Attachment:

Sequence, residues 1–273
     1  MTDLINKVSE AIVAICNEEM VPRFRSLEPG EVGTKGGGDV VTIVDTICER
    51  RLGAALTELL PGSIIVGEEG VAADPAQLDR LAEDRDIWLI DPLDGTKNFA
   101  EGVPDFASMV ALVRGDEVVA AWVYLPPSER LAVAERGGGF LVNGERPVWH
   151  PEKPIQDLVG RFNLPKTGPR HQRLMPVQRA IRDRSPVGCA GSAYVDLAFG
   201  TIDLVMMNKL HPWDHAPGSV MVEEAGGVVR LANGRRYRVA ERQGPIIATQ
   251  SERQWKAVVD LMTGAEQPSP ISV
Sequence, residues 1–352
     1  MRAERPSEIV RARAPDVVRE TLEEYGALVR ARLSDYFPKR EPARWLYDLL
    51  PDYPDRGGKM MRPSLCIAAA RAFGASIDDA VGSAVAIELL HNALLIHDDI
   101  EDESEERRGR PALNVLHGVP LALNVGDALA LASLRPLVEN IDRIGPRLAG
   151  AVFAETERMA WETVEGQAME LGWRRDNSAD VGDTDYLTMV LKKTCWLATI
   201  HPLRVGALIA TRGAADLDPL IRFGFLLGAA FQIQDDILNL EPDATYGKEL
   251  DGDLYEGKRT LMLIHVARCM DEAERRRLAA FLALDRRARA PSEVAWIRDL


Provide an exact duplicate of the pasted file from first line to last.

Sequence, residues 1–273
     1  MTDLINKVSE AIVAICNEEM VPRFRSLEPG EVGTKGGGDV VTIVDTICER
    51  RLGAALTELL PGSIIVGEEG VAADPAQLDR LAEDRDIWLI DPLDGTKNFA
   101  EGVPDFASMV ALVRGDEVVA AWVYLPPSER LAVAERGGGF LVNGERPVWH
   151  PEKPIQDLVG RFNLPKTGPR HQRLMPVQRA IRDRSPVGCA GSAYVDLAFG
   201  TIDLVMMNKL HPWDHAPGSV MVEEAGGVVR LANGRRYRVA ERQGPIIATQ
   251  SERQWKAVVD LMTGAEQPSP ISV
Sequence, residues 1–352
     1  MRAERPSEIV RARAPDVVRE TLEEYGALVR ARLSDYFPKR EPARWLYDLL
    51  PDYPDRGGKM MRPSLCIAAA RAFGASIDDA VGSAVAIELL HNALLIHDDI
   101  EDESEERRGR PALNVLHGVP LALNVGDALA LASLRPLVEN IDRIGPRLAG
   151  AVFAETERMA WETVEGQAME LGWRRDNSAD VGDTDYLTMV LKKTCWLATI
   201  HPLRVGALIA TRGAADLDPL IRFGFLLGAA FQIQDDILNL EPDATYGKEL
   251  DGDLYEGKRT LMLIHVARCM DEAERRRLAA FLALDRRARA PSEVAWIRDL